A new year always feels like a sort of blank canvas to me, and I was feeling pretty hopeful about how this year would at least begin to transpire. 10 days in, I am nicotine free and that hasn’t been much of a challenge. I’m convinced these quitting (anything) experiences are mostly determined by your mindset; the first few days were mildly uncomfortable and I pretty easily moved on from whatever “cravings” (moreso it was this time or that I’d habitually be vaping). The whole point of leaving this behind was to not think about any of this shit anymore, so I’m pretty pleased that I go for long spans of time without it popping into my head. For anyone who wants to quit smoking, drinking, whatever else, I highly recommend Alan Carr‘s books – I quit actual smoking many, many years ago that way and it was a first-time success. Like most experiences, if you go in thinking you’ll suffer and ultimately fail, that’s probably what will happen.
More importantly (at least for now), what hastened my walking away from nicotine was that I spent my entire holiday break sleeping like shit, which was unfortunate considering I deliberately made no plans so I could rest and reset after a very long year. A day or two after Christmas, my skin started feeling slimy, which is not a good sign in my experience.
In 2014 after an uphill battle with an Anchorage endocrinologist and a $10,000 bill, I was finally (correctly) diagnosed with silent/lymphocytic thyroiditis. It was a pretty traumatic experience that did not lessen my hatred for the medical establishment: the doctor was 100% sure I had Grave’s Disease and immediately tried to schedule me for radioiodine ablation. I said fuck THAT, and paid for my own radioiodine uptake scans (I had shit insurance, lesson learned). My second flare was in 2019 after a mysterious viral infection, and I was pretty grateful to be able to go to Mayo Clinic and talk to someone who isn’t a pompous ass. That year, I was supposed to go on an epic trip to Peru to Inti Raymi and a long and brutal hike… unfortunately that did not happen, as I was assured I would not come back alive… womp womp. In fact, I initially started feeling the symptoms in Istanbul, halfway through a long trip. So that wasn’t great, but I learned I can mostly live my life with this… just not, you know, grueling hikes at 14,000 feet.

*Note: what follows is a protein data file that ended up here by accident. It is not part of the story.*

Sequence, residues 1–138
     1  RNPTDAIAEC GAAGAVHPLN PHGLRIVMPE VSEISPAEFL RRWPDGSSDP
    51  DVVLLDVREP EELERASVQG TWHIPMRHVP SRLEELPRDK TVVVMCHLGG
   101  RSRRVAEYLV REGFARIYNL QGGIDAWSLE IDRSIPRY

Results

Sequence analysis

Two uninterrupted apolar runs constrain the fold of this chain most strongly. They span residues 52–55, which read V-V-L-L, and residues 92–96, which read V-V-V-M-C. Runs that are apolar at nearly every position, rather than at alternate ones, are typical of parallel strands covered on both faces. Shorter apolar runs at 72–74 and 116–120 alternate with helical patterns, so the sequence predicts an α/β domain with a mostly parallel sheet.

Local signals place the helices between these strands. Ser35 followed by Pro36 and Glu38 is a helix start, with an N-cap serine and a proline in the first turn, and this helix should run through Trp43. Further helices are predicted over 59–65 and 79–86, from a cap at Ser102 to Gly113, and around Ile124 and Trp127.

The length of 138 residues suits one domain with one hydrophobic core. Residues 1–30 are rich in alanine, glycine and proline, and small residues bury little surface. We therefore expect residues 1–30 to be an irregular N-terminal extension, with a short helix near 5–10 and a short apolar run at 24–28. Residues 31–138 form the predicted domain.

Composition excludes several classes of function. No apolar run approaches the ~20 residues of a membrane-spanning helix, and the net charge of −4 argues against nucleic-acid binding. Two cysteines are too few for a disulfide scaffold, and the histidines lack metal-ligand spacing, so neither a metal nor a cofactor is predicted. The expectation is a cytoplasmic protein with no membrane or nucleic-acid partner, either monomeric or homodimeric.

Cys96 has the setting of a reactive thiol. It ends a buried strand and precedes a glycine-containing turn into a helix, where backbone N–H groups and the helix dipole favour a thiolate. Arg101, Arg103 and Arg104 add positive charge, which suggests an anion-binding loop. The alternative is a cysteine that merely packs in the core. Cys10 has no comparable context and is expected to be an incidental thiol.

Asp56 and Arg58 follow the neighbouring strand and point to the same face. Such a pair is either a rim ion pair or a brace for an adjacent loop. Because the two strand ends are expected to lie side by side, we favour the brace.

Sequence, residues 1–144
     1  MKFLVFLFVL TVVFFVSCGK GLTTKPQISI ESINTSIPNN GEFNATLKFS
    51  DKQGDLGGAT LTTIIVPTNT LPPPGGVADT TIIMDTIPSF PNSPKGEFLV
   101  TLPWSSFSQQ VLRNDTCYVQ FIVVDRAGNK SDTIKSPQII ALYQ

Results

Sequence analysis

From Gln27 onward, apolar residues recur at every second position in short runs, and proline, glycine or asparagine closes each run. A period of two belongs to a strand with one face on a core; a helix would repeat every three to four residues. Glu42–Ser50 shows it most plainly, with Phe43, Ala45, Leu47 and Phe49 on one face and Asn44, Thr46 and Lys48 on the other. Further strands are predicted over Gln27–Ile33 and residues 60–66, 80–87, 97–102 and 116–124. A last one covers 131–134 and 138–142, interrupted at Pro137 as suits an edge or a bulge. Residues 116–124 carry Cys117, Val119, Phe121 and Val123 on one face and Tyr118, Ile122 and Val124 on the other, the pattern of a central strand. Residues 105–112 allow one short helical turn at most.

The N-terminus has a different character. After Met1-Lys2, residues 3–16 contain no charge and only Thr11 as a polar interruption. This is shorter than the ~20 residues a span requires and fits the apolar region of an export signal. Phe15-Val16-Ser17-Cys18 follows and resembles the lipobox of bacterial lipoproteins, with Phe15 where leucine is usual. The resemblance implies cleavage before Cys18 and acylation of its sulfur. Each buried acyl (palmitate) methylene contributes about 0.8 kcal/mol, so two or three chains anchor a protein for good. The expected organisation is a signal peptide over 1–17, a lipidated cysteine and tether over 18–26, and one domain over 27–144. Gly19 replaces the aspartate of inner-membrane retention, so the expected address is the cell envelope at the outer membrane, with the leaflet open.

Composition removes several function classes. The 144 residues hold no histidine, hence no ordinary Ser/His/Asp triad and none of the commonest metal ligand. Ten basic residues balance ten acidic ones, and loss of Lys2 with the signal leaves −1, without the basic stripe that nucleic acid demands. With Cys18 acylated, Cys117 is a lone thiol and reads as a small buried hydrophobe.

Ultimately my treatment options are ablation, thyroid removal, or nothing. I chose nothing, as the other options result in a lifelong commitment to taking synthetic thyroid hormones and I hate the idea. I was told at Mayo that the only way to avoid these flares is to have a boring, routine life, which is obviously not my thing. So, this is not totally unexpected, but there is always a chance I will spontaneously not have to deal with this anymore, and my fingers are crossed for that. It is more likely that one of these times, my thyroid will completely burn out and I will end up on daily medication anyway (this is genetic and autoimmune; my mother has the more common variation of this disease). I will say, additionally, having an overactive thyroid is quite unpleasant. You spend your days and nights feeling like you’ve smoked a pound of meth, and/or are being chased by a hungry lion. But, I digress.